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OPLIN 4Cast #271: BitTorrent and the law

Posted in 4cast

After last week’s 4cast about possible legal issues for Pinterest users, we thought it might be interesting to look at the legal issues surrounding BitTorrent. Everybody knows that BitTorrent is bad, right? After all, if you do a Google search that has the word “torrent” in it, you’ll repeatedly see the notice, “In response to a complaint we received under the US Digital Millennium Copyright Act, we have removed results from this page.” Well, things aren’t always what they seem, and BitTorrent in itself is not evil. The problem (as with Pinterest) is in the way people use it.

  • What is BitTorrent? (wiseGEEK/R. Kayne and L. S. Wynn)  “The idea behind BitTorrent is to allow massive distribution of popular files without penalizing the source by soaring bandwidth costs and possible crashes due to demand that exceeds the capability of the server. In this way, anyone who creates a popular program, music file or other product can make it available to the public regardless of assets, even if the file becomes highly popular.”
  • In world of copyright craziness, BitTorrent, Inc. soars to new heights (Ars Technica/Jon Brodkin)  “In the middle of all these warring groups—or perhaps more accurately, completely removed from them—stands BitTorrent, Inc., a company whose technological innovation gave the Internet important new capabilities, making it easier for everyone to share files, both legally and illegally. Although the word ‘BitTorrent’ is often used in context with the word ‘piracy,’ the company itself has steered clear of legal problems by avoiding any distribution of unlicensed content, and narrowing its focus to delivering the best Internet file-sharing technology it’s capable of building.”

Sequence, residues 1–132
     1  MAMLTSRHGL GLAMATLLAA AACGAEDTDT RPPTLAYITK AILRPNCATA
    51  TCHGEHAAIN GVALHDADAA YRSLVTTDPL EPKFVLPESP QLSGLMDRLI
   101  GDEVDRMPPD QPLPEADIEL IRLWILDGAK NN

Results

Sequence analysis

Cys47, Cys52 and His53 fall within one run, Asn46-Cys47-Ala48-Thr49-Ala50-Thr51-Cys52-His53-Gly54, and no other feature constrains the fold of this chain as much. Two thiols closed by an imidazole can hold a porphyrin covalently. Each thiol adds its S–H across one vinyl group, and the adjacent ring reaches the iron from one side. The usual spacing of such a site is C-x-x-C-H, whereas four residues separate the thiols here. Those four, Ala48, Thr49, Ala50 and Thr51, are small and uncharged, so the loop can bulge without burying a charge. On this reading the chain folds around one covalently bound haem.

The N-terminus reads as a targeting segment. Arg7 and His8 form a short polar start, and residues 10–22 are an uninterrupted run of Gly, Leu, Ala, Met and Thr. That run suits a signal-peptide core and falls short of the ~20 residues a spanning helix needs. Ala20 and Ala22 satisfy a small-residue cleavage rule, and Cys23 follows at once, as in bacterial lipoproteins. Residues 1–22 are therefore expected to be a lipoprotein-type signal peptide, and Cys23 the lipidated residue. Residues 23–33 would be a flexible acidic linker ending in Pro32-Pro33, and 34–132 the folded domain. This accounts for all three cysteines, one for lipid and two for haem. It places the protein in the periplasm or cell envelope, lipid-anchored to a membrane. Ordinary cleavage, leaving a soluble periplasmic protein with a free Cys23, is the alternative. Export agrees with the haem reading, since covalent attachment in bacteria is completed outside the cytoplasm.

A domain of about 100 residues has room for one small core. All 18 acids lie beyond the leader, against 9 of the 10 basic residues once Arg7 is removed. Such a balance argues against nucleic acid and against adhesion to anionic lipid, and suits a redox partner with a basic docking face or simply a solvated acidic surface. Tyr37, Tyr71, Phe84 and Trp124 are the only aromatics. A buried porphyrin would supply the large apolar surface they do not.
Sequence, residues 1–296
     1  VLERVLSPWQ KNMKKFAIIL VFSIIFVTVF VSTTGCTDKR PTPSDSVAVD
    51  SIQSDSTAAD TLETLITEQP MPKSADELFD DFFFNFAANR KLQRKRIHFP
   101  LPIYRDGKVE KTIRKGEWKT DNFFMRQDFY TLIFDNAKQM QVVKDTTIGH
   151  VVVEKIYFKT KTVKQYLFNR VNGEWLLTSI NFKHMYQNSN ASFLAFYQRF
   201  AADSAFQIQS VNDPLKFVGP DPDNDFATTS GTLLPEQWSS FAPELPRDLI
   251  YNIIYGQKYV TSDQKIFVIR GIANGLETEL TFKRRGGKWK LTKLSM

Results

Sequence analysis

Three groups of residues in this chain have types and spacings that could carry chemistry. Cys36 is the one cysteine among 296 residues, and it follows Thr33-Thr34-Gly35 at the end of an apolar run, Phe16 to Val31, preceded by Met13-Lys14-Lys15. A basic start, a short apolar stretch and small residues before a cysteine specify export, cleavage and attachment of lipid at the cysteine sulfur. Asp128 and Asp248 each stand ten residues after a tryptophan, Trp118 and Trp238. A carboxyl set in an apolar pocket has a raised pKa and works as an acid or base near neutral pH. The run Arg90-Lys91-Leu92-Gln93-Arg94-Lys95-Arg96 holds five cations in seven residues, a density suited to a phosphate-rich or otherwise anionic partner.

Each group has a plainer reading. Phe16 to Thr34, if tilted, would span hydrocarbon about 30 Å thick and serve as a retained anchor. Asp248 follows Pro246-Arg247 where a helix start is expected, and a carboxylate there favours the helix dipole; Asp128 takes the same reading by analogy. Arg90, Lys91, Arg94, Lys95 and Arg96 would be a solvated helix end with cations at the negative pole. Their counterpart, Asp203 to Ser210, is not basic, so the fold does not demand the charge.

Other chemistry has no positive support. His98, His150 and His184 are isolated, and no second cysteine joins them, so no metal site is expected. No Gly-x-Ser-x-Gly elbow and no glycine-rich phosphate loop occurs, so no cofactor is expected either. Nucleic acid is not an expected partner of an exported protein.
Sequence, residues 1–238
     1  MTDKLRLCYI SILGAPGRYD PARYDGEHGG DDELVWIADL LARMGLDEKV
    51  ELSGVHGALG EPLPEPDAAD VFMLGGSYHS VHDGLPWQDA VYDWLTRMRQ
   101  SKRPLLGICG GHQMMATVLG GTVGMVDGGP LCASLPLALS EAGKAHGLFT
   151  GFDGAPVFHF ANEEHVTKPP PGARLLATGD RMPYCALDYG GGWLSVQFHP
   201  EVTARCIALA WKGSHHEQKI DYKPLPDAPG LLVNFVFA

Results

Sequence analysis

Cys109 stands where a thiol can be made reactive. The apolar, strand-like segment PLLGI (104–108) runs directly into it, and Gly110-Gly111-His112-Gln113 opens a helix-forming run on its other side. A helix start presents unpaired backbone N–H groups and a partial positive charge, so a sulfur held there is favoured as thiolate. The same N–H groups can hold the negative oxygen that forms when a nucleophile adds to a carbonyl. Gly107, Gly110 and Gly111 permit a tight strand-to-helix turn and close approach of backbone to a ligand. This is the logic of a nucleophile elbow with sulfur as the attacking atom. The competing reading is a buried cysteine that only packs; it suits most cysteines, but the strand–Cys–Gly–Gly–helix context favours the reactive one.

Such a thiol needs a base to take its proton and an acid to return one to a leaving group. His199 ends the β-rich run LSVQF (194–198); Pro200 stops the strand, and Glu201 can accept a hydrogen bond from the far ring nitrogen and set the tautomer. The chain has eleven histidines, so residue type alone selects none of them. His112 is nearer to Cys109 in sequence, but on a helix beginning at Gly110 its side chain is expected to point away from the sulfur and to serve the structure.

• Study: BitTorrent piracy doesn’t significantly hurt box office revenue (DailyTech/Michael Hatamoto)  “U.S. consumers are more likely to head to the theater to watch a movie, even with numerous piracy options available. Additionally, there is no direct correlation between movie availability on BitTorrent and in-theater movie releases, despite the availability of cam releases and DVD screeners for free via the Internet. However, international consumers are more likely to choose piracy over the box office, because of a lack of viewing options overseas.”
  • BitTorrent Live: Cheap, real-time P2P video streaming that will kill TV (TechCrunch/Josh Constine)  “Today, Bram Cohen, the author of the BitTorrent peer-to-peer sharing protocol, demoed his latest creation at the SF MusicTech Summit. BitTorrent Live lets any content owner or publisher stream video to millions of people at good quality and with just a few seconds of latency…for free or cheap. Sports, news events, simulcast TV shows, education, video conferencing, or uncensored war zone broadcasts — this technology will power the future of video.”

Bandwidth fact:
People using the BitTorrent protocol currently account for about 20% of all Internet bandwidth use.